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I’ve been staffing the annual meeting of the Council of State Governments/Eastern Regional Conference health policy track meetings in Atlantic City, NJ. Today we heard updates from states at varying stages of reforming their health care systems – Maine, Massachusetts, Vermont and New Jersey.
Sen. Joseph Vitale described New Jersey’s comprehensive plan to cover all 1.2 million uninsured residents. Phase I was just signed into law expanding SCHIP for parents. They are starting an insurance mandate for children, but there are no penalties attached to it yet. Policymakers decided against any employer contribution. They allow families with higher income children to buy into the program at full cost – similar to HUSKY Band 3 – at a cost of about $137 per child per month (twice that for two children and three times that for three or more children in a family). The law increased the minimum allowed medical loss ratio for managed care companies from 75% to 80% — CT has no standards for medical loss ratios. Phase II will include coverage for everyone not eligible for existing programs, will be self-funded, provide a benefit package similar to the most popular small group market product, and will reimburse providers at commercial rates.
Sen. Richard Moore updated the conference on Massachusetts’ reforms. The rate of uninsurance has dropped from 13% two years ago when Chapter 58 passed to at least 7% and possibly as low as 4% now – over 355,000 people have found health insurance. Not only has Massachusetts found no evidence of crowd out (employers dropping coverage assuming workers can join the new public programs), in fact employer sponsored insurance rates have increased since Chapter 58 passed two years ago. Uncompensated care spending is down 34%. Fewer state residents report not being able to access care due to cost, and medical debt is down. Public support for the reforms is strong and growing. Reforms of the non-group market have made insurance far more affordable and enrollment is up 50%. Despite this rosy picture, challenges remain. Residents who have chosen to remain uninsured may be difficult to convince, covering the underinsured, workforce shortages, and containing health care costs. To contain costs, a new law just signed by the Governor addresses price transparency, health information technology adoption, regulation of drug company gifts to providers, prohibits billing for “never events”, CON reforms, and a medical home demonstration project.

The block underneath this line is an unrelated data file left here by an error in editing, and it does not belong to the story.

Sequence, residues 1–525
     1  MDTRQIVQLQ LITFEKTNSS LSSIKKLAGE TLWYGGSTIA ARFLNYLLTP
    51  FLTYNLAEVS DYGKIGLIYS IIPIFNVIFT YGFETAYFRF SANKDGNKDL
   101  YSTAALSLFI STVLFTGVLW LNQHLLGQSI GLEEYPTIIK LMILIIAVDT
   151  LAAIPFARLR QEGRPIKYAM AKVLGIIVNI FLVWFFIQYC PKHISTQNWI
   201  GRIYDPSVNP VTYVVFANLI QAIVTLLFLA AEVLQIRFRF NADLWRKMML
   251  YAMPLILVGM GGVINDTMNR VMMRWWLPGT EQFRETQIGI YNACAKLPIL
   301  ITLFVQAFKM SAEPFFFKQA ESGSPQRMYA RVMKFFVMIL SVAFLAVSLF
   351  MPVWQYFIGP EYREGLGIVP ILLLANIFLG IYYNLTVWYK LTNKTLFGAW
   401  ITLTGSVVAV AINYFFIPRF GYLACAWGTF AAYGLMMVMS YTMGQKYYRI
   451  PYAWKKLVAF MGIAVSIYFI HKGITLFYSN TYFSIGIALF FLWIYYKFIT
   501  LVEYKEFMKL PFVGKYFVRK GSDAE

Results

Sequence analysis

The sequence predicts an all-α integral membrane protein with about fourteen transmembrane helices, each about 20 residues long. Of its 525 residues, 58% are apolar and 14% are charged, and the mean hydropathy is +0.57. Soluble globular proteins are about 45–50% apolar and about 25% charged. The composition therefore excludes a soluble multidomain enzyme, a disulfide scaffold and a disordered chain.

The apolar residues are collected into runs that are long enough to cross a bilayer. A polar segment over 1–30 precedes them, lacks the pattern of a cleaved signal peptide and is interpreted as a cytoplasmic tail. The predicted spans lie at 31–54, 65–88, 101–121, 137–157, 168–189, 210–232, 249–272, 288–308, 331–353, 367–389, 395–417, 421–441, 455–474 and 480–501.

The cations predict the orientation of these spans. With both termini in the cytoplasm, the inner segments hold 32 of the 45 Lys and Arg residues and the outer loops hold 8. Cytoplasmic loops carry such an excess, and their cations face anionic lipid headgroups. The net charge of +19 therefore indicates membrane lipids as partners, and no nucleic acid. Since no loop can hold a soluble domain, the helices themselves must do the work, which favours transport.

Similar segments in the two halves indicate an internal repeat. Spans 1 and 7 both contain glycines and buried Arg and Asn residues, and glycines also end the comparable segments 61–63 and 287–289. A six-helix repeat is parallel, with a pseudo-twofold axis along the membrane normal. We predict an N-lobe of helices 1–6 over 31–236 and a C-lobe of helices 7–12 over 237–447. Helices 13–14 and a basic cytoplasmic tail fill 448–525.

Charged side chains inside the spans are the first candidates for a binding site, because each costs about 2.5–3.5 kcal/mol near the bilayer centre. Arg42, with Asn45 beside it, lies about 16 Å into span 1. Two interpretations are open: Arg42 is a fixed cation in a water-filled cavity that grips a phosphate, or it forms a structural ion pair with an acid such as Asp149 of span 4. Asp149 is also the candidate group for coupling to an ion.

Jim Hester, Director of Vermont’s legislative Health Care Reform Commission, described Catamount Health which also passed in 2006. The Commission is a legislative oversight body that follows the implementation of reforms closely and is critical to the state’s success. 5,800 Vermonters have joined Catamount Health and 4,300 have newly enrolled in state programs. Vermont is having difficulty getting the federal government to honor its commitment to their global Medicaid waiver at promised funding levels. This year Vermont enhanced their reforms by expanding coverage for children on their parents’ policies to age 23 and a large increased investment in health information technology paid for with a 0.2% fee on paid claims across all payers. Vermont is also expanding their successful Blueprint for Health plan to reduce the prevalence and provide chronic care management for diabetes. ER use is down by 40% for patients in the self-management program.
Phil Saucier, from Maine’s Governor’s Office of Health Policy & Finance, talked about progress covering the uninsured. Their Dirigo health plan passed in 2003 and now covers about 18,000 Mainers. The state has taken the federal government to court arguing that they are owed financial support for the program. The state repealed the contentious savings offset payment mechanism to fund the program in favor of a flat fee on all payers, including self-funded plans, of 1.8% of claims as well as taxes on alcohol, tobacco and soda. The soft drink industry has mounted a referendum on the November ballot to repeal the tax on soda – a “people’s veto”. The state also increased the age children can stay on their parents’ policies to 25, prohibited billing for “never events”, created medical home pilots, and are addressing overtreatment inefficiencies.
Ellen Andrews